Emily Button of U.S. VETS, and the Legion's Mark Walker visit a newly renovated apartment for homeless vets in D.C.

Focus on homeless vets intensifies

It has been almost two years since Secretary of Veterans Affairs Eric Shinseki spoke at The American Legion national convention in Louisville and pledged to end homelessness among vets within five years. It is estimated that on any given night, approximately 106,000 military veterans are without permanent shelter.

Since the Secretary's announcement, the Department of Veterans Affairs (VA) has launched or intensified a number of initiatives designed to help make good on his promise, including the creation of a dedicated information and education website.

VA has also partnered with the Department of Housing and Urban Development (HUD) in a supported housing program called HUD-VASH. The program provides permanent housing and ongoing case management services, such as mental health and substance abuse treatment, for homeless veterans who require them in order to live independently. Section 8 Housing Choice vouchers are issued on behalf of eligible veterans allowing them and their families to choose from among Public Housing Authority (PHA) allocated apartments nationwide. Thus far, more than 20,000 vouchers have been issued and the program recently received renewed funding.

The Department of Labor (DoL) is on board in the anti-homeless campaign, too. DoL's emphasis is on employment, predictably, as a measure to keep veterans off the streets through its Homeless Veterans' Reintegration Program (HVRP). To quote the HVRP web page, the program's purpose is to "provide services to assist in reintegrating homeless veterans into meaningful employment within the labor force and to stimulate the development of effective service delivery systems that will address the complex problems facing homeless veterans."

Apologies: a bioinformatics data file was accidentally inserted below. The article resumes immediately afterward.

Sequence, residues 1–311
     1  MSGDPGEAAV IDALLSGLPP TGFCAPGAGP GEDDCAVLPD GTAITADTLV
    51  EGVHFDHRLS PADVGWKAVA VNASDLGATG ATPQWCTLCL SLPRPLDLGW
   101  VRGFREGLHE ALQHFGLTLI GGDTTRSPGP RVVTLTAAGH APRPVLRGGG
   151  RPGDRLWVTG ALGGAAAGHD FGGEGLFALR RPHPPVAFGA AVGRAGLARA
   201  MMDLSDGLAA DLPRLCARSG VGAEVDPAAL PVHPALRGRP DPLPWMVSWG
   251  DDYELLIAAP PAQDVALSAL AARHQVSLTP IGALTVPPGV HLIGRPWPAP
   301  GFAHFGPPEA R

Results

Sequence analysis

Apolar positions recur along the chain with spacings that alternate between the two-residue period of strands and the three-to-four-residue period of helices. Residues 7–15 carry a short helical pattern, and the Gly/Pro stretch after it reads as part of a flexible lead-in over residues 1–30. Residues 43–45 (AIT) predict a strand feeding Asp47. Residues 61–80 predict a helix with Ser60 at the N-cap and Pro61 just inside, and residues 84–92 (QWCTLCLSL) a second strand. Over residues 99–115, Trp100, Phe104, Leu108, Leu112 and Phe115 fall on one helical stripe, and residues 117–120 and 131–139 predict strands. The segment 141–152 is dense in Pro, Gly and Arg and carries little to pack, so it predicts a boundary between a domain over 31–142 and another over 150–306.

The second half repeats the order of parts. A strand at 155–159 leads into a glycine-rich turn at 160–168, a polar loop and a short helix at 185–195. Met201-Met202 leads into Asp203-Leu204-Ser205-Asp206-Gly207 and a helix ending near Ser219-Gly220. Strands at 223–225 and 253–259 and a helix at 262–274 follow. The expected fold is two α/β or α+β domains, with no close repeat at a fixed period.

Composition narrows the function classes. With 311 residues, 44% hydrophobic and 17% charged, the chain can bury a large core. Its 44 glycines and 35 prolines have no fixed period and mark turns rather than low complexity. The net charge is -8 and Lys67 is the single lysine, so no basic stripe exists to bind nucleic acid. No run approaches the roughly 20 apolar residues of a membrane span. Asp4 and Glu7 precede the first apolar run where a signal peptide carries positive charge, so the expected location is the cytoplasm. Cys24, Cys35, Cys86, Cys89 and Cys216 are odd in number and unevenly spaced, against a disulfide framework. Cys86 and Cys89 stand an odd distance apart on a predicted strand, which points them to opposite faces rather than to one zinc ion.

Veterans' homelessness is among the major concerns of The American Legion and one of the primary focuses of its Economic Division, headquartered in the Legion's Washington, D.C., office. It offers testimony to Congress periodically on the topic and monitors both government and private efforts to address the problem. For instance, Deputy Economic Director Mark Walker recently visited newly renovated, attractive and affordable housing for homeless veterans provided by the United States Veterans Initiative (U.S. VETS). U.S. VETS bills itself as "the nation's largest non-profit provider of services to veterans facing challenges in their transition to civilian life." It was organized in the early 1990's.

According to Walker, "U.S. VETS in the District of Columbia began providing services in 1997 through the National Collaboration for Homeless Veterans AmeriCorps Program. The D.C. location serves 43 veterans daily. Nationwide, the organization operates programs at 11 sites in five states, as well as D.C., with beds to accommodate more than 2,100 veterans every day."

Representatives from the Department of Housing and Urban Development, Labor and Veterans Affairs will be among those participating in a Homeless Veterans Roundtable during The American Legion National Convention in Minneapolis this August. Despite Shinseki's pledge to end the problem within five years, the challenge is expected to grow, not diminish, as more and more American troops come home to a weakened economy and diminished job market.

A downloadable 14" x 19" poster promoting the Homeless Veterans Workshop, as well as a similar sessions on veterans' education and employment, is available online.